- Political campaign materials (T-shirt, sign, slogan, picture, etc.) that includes a labor union insignia– as opposed to other political campaign materials that do not have a labor union insignia;
- The employee is objecting to discrimination (or, often other illegal activities protected by federal or state law). Discrimination based on race, religion, national origin, sex, and pregnancy are illegal under Title VII. Discrimination based on age is illegal under the ADEA and discrimination based on disability is illegal under the ADA/ADAAA. Firing or otherwise disciplining someone for objecting to or complaining about such discrimination is retaliation and is similarly illegal under those laws. Also many other federal (and state) statutes protect employees from reporting or complaining about behavior that they reasonably believe to be illegal or unethical. Now, here is where things can get even more interesting: an employer can limit discussion about politics to one particular point of view. The First Amendment does not apply there. If, however, that one point of view is also against a particular religion, anti-discrimination laws may apply. So if you consistently make derogatory comments about a particular political candidate, and those statements refer to the candidate’s race, religion, sex, national origin or another characteristic protected by federal and/or state anti-discrimination laws, you may be liable under those laws for discrimination by creating what is known as a hostile work environment for any employees who share those characteristics.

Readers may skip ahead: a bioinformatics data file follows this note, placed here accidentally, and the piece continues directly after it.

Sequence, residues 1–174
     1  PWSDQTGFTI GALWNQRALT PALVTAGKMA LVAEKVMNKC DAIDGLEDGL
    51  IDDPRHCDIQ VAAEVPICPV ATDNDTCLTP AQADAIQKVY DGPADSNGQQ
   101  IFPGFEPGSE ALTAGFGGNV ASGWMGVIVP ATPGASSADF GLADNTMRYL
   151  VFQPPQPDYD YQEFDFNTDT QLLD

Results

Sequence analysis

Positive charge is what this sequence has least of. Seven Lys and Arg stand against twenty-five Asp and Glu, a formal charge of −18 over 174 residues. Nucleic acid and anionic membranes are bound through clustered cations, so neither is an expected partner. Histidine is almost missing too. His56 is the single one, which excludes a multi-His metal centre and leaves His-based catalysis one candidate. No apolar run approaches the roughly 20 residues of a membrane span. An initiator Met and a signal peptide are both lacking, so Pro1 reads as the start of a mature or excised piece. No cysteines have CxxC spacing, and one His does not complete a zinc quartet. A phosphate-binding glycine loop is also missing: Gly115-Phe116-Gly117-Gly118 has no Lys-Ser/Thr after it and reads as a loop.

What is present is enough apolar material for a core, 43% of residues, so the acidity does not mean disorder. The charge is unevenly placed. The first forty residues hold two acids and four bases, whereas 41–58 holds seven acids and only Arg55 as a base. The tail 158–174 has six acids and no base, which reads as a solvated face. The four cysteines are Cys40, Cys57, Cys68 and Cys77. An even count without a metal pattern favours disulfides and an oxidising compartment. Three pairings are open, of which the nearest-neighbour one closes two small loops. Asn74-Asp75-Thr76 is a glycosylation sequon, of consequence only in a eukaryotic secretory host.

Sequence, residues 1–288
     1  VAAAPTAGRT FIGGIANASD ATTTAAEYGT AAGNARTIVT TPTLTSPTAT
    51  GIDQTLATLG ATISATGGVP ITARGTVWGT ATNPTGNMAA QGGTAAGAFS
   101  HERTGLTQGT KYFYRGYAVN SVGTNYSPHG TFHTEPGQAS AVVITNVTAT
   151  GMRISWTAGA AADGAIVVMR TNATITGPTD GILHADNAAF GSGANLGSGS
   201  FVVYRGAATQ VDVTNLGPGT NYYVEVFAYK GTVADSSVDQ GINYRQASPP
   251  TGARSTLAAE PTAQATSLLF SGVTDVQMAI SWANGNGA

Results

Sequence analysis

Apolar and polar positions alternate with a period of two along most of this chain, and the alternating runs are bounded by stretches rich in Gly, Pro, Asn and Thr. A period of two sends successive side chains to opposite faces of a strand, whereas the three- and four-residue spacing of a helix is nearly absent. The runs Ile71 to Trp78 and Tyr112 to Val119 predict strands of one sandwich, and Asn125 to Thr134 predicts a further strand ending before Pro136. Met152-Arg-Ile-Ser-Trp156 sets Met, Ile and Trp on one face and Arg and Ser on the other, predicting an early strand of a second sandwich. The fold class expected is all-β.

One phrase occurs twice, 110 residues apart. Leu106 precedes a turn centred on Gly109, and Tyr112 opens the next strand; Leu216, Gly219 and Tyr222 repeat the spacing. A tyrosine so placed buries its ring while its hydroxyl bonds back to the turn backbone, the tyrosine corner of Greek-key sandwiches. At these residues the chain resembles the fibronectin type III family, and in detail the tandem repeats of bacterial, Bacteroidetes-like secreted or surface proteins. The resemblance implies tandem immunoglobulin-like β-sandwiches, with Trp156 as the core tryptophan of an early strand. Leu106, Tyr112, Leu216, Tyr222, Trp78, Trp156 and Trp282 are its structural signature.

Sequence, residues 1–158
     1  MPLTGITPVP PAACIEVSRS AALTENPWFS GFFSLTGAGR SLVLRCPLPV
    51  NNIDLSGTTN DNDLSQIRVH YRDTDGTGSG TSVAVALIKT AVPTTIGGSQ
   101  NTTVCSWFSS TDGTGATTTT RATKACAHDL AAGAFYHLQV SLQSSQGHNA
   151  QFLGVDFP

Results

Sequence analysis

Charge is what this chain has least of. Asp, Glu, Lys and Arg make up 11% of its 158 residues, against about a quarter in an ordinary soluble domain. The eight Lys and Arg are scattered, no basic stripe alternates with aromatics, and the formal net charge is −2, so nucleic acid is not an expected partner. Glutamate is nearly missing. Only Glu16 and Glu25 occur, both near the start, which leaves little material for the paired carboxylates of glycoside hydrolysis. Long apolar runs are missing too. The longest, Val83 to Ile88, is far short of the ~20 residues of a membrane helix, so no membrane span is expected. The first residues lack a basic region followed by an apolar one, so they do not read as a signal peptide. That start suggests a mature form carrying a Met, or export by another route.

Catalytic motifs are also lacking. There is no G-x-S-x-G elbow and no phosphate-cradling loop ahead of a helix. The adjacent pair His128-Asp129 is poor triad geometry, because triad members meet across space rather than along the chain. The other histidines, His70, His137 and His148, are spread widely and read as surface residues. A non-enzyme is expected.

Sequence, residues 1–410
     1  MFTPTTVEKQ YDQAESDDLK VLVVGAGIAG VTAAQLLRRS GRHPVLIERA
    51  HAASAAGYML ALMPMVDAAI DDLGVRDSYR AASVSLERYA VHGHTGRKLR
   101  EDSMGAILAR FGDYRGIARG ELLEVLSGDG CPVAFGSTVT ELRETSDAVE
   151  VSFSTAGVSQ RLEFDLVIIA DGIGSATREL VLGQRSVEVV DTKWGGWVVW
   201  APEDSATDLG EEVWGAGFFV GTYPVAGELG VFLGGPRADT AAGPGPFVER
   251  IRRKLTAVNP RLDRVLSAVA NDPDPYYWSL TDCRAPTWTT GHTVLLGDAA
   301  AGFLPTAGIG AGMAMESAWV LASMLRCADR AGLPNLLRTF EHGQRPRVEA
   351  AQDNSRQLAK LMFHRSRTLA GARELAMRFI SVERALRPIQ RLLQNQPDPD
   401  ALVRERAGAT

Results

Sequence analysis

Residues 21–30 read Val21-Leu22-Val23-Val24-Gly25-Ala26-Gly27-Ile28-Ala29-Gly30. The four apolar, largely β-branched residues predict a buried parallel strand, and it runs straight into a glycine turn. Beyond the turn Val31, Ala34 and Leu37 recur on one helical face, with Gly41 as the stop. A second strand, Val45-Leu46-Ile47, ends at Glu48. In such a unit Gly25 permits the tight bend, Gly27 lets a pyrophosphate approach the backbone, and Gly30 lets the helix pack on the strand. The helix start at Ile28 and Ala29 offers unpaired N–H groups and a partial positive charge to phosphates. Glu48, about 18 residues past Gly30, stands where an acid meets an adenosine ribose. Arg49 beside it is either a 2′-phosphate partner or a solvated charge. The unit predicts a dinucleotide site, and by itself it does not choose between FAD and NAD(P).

- You and your employee have entered into a contract — or there is a Collective Bargaining Agreement–limiting how and when an employee can be fired. In particular the contract might say the employee can be fired “for cause”. What does that mean? Does the contract say? What exactly does the contract say as to how and when you can fire that employee? Check before you go ahead and fire the employee, so you do not trigger a potential breach of contract claim.